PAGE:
The DTI’s announcement on Friday last week to temporarily extend the automatic recognition period for the controversial “Empowering Supplier” status requirement is a welcome relief to many large organisations, which have been battling to meet the requirements due to a variety of challenging circumstances.


The DTI issued a statement on 28 October 2016 under notice 708 of 2016, in which it stated that all valid ‘Empowering Supplier’ certificates issued by 31 April 2016 would be automatically considered to be ‘empowering’, while certificates issued on or after 1 May 2016 would also be automatically recognised as ‘empowering’.

“While this extension is apparently temporary, the announcement comes as great relief for those companies who were not able to qualify,” says Jenni Lawrence, managing director of Grant Thornton Verification Services. “Failure to meet ‘empowering supplier’ status effectively renders these businesses’ BEE scorecard as non-compliant.”

Lawrence adds that some of the largest employers in South Africa import components or products that are not yet locally available and this factor directly affects the organisation’s ‘empowering supplier’ status.


“Many companies have also had to retrench staff in the past year due to the current challenging economic situation,” continues Lawrence. “This announcement gives them a lifeline by providing the employers with some valuable extra time to get their localisation plans in order, while still allowing them to be compliant and competitive.”

Companies which do not qualify as ‘Empowering Suppliers’ will automatically be removed from large organisations’ and state-owned enterprises’ preferential procurement calculations and they will – in the long term – find it much more difficult to conduct their business operations.

“This requirement really does have a true and real ‘knock-on’ effect for companies,” says Lawrence. “Companies will need to ensure that they, too, engage in business practices with companies that meet their own Empowering Supplier criteria in order to protect their own B-BBEE score.”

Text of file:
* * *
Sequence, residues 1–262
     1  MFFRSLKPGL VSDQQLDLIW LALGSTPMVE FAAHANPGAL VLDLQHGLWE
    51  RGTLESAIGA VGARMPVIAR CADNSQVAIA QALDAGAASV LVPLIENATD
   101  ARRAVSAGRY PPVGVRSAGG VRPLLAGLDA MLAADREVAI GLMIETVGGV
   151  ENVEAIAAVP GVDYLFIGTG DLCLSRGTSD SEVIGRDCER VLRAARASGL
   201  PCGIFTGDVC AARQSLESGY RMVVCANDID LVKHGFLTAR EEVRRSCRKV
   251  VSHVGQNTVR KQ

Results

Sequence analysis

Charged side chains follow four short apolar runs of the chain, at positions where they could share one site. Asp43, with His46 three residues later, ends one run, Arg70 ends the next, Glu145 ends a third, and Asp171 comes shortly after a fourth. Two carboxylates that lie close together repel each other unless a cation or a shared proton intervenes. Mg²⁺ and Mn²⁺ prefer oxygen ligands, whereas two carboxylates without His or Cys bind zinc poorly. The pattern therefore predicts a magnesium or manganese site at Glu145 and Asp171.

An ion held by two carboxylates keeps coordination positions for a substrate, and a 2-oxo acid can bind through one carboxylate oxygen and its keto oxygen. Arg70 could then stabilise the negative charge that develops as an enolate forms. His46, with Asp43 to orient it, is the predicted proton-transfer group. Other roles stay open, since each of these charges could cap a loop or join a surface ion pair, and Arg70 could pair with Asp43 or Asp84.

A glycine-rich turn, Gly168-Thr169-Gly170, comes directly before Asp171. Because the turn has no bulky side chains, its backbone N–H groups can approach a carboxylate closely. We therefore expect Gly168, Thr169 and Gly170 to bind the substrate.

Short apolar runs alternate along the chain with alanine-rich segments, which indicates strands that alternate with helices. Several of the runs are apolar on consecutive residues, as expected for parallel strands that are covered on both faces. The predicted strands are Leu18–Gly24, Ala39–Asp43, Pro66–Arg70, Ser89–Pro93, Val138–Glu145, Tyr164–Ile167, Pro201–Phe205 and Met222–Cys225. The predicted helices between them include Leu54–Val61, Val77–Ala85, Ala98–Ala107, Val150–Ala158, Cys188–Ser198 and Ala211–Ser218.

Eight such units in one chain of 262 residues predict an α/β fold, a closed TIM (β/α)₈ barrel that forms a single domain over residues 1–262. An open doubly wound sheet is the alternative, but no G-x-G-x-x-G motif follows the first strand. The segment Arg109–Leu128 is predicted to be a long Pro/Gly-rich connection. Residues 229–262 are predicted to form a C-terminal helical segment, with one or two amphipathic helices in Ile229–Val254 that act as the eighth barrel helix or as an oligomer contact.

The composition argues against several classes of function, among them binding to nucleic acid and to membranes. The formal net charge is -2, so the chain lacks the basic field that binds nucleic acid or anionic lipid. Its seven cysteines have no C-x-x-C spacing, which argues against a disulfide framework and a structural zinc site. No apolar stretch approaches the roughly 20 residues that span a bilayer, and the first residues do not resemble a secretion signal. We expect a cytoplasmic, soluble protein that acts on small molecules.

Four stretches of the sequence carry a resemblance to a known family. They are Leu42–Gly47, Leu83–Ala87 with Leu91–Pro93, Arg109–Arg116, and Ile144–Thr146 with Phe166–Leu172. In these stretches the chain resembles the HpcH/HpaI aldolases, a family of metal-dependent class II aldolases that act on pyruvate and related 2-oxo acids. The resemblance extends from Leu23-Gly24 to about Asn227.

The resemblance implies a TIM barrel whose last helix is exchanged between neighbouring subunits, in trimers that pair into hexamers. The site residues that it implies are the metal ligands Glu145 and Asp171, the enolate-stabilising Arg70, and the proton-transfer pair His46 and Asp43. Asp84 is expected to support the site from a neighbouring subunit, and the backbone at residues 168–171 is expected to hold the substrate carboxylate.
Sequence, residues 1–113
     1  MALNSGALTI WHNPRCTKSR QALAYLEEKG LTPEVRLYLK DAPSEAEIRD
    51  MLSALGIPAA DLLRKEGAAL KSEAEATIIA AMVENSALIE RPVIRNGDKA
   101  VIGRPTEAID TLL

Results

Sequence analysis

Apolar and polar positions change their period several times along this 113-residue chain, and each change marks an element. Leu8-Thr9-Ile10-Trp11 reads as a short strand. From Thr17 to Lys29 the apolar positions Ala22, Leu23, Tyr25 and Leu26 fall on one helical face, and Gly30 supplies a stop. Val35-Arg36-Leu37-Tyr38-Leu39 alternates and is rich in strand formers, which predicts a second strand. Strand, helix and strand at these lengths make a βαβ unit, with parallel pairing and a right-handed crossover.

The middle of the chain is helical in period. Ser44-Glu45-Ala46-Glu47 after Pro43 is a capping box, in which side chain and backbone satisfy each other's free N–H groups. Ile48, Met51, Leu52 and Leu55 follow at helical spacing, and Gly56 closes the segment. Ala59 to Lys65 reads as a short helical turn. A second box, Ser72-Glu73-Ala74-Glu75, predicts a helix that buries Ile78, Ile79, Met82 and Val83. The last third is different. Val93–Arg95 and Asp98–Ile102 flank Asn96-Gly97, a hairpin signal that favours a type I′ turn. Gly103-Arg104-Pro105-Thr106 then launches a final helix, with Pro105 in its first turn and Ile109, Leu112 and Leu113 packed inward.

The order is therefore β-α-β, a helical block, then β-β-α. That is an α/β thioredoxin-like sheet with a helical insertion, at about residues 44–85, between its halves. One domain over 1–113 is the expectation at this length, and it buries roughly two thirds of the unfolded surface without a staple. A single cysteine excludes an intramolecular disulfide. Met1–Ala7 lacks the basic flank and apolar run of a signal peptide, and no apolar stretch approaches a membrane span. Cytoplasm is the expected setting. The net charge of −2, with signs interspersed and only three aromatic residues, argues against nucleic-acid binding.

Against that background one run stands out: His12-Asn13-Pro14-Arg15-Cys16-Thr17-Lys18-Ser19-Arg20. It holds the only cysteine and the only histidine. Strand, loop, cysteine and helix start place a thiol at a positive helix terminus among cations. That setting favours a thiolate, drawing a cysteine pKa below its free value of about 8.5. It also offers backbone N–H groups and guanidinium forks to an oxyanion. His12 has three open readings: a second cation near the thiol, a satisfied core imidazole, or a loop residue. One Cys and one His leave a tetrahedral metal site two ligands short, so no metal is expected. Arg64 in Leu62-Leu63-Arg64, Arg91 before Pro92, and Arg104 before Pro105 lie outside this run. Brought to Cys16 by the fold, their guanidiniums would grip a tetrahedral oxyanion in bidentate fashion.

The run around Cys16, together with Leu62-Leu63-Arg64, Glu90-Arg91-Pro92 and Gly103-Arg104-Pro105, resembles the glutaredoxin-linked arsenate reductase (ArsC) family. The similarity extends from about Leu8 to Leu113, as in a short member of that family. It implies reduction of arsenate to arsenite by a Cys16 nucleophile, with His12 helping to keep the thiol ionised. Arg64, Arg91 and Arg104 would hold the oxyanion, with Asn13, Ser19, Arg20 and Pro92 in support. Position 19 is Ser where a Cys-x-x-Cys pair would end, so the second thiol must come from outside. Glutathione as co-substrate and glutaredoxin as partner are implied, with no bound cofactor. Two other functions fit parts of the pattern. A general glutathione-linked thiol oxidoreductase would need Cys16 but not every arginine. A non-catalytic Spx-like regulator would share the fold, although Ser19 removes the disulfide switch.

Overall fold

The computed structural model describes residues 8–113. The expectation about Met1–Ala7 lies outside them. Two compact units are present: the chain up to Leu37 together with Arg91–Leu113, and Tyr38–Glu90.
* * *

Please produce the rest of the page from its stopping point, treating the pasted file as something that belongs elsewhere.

Good citizen

According to the Amended Codes of Good Practice, the definition of an ‘Empowering Supplier’ is, ‘a B-BBEE compliant entity, which is a good citizen South African Entity, complying with all regulatory requirements of the country’ and meets criteria outlined in the Amended Codes.

An organisation should meet at least three of the following criteria if it is a large enterprise (turnover exceeding R50 million) or one of the following criteria if the company is a QSE (R10 million – R50 million):

  1. At least 25% of cost of sales excluding labour cost and depreciation must be procured from local producers or local suppliers in SA. It is important to remember here, though, that service industry labour costs are also included but capped to 15%;
  2. Job Creation – 50% of jobs created are required to be for black people provided that the number of black employees since the immediate prior verified B-BBEE measurement is maintained;
  3. At least 25% transformation of raw material/beneficiation which includes local manufacturing, production and/or assembly, and/or packaging;
  4. Skills transfer – at least 12 days per annum of productivity is required to be spent by the deployment to assist black EMEs and QSEs beneficiaries in increasing their operation or financial capacity; and
  5. At least 85% of a company’s labour costs should be paid to South African employees by relevant service industry entities.Exempt Micro Enterprises (EMEs) and start-ups are automatically recognised as empowering suppliers.

The next steps regarding this requirement have not been defined by the DTI as yet, but Lawrence seems to think that there is a slight indication that the ‘empowering supplier’ requirement will be re-introduced with some amended criteria.

“While the revised requirement has not been published as yet, we expect the changes will include additional criteria that will make it possible for those who have been unable to qualify to date, to apply this requirement in different ways which are much more applicable to their industry,” Lawrence concludes.

Jenni Lawrence
Managing Director: Verification Services, Grant Thornton Johannesburg


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